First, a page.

On the GMAT quantitative section, you have 62 minutes to answer 31 questions; that’s an average of two minutes per question. Budgeting exactly two minutes per question, however, is not a sound strategy. Just like in the verbal section, some questions require more time than others. To give yourself time for more difficult questions, you must solve the easier questions in closer to one minute. Taking practice tests and doing lots of practice questions with careful review is the best way to figure out which questions you can solve faster, and which require more time.

    To finish all 31 quantitative questions, remember the tips below:

      Get started quickly. Don’t agonize over how to get started on a particular question. Start factoring, or draw a Venn diagram; do something!
      Use all of the information you’re given. If you’re stuck, go back to the prompt and make sure you’ve used all of the information. You may have overlooked a little word like “odd” or “prime.”
      Know when to move on. Use the time you save on questions you complete quickly to tackle the tougher questions. Remember, if you’ve established sufficiency on a Data Sufficiency question, you don’t need to solve for the answer. Generally, no matter the level of difficulty, you should not spend more than three minutes on any one problem. If you’ve reached the 3-minute mark, and you’re not close to a feasible answer, take your best guess and move on. It’s more important to get to the next question than it is to dwell over the one you’re stuck on and unlikely to get right.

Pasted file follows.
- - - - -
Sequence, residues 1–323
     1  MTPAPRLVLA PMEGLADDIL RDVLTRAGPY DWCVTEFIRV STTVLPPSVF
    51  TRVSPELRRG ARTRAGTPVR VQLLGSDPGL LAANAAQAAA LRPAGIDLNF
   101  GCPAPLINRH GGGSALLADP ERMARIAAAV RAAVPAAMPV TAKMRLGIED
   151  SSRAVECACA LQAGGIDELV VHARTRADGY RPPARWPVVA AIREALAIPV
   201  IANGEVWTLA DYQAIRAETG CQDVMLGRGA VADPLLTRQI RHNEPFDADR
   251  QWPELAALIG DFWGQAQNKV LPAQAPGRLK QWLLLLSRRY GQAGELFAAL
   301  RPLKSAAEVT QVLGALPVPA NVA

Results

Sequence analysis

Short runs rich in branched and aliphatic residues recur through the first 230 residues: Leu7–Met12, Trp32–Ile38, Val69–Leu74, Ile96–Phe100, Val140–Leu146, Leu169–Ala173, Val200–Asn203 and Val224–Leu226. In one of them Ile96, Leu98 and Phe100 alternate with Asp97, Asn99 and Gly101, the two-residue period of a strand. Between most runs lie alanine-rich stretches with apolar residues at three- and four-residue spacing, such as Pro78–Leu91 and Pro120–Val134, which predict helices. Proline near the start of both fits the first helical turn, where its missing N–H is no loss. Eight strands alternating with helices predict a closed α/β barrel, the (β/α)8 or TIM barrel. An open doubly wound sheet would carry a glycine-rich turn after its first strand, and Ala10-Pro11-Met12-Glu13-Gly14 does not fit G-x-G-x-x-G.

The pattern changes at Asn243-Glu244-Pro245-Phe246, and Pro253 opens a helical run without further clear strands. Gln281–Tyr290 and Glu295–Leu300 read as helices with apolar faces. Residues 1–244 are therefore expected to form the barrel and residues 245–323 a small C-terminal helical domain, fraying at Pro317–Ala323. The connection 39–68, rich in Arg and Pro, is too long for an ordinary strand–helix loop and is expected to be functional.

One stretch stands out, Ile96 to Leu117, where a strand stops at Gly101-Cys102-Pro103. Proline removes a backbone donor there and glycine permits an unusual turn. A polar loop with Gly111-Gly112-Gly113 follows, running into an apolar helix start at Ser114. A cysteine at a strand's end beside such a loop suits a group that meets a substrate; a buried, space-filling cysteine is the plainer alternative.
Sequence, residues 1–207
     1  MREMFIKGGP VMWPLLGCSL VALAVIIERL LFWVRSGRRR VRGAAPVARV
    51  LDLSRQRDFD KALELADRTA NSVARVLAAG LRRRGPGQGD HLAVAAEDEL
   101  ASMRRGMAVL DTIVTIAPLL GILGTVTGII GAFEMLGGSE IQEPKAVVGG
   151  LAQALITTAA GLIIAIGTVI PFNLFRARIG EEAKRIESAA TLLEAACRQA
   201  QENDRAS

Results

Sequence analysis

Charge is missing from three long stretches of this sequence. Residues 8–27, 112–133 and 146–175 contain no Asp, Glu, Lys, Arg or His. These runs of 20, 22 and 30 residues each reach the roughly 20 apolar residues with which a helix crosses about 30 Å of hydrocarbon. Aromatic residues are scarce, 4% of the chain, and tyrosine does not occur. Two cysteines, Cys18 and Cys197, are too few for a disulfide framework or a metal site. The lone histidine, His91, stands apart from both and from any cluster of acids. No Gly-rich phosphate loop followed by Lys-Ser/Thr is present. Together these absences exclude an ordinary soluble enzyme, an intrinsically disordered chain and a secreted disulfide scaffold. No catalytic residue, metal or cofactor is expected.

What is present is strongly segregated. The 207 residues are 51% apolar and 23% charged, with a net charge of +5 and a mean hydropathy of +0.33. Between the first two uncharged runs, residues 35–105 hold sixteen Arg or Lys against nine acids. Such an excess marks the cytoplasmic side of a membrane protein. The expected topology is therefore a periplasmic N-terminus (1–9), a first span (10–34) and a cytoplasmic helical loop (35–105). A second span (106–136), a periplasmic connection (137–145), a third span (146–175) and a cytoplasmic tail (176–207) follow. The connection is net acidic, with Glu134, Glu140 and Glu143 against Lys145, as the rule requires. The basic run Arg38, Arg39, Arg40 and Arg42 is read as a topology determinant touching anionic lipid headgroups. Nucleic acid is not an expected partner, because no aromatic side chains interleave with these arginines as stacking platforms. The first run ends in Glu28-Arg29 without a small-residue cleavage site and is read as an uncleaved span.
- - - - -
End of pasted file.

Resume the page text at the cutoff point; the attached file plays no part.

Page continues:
Wondering what kind of math is on the GMAT? See a Breakdown of Quant Concepts by Frequency

    Quantitative Page Setup & Cross-out Technique

    Staying organized is even more important in the math section, in which most test-takers write many more notes and things tend to get messier. Below is an example of my quantitative page setup, which includes the following:

      Page division: Most GMAT test-takers use many pages for their math work, and things often get messy. Messy work leads to mistakes, so dividing up each page in advance helps keep things tidy. It also helps you avoid running out of scratch paper in the middle of the math section during the in-person test, which would mean wasting valuable seconds getting a new booklet from the proctor. Each page is divided into four, giving you a quarter of a page for each math problem (four questions per page).
      Math timing benchmarks: Pace check-ins are written on the bottom right-hand corner of each page of the booklet on the quantitative section so you can see them throughout the test without having to flip back to the first page. Since there is space to do four problems per page, the timing benchmarks we discussed earlier work perfectly! If you set up your pages this way, you would check the timing guide each time you finish a page, before flipping to the next one.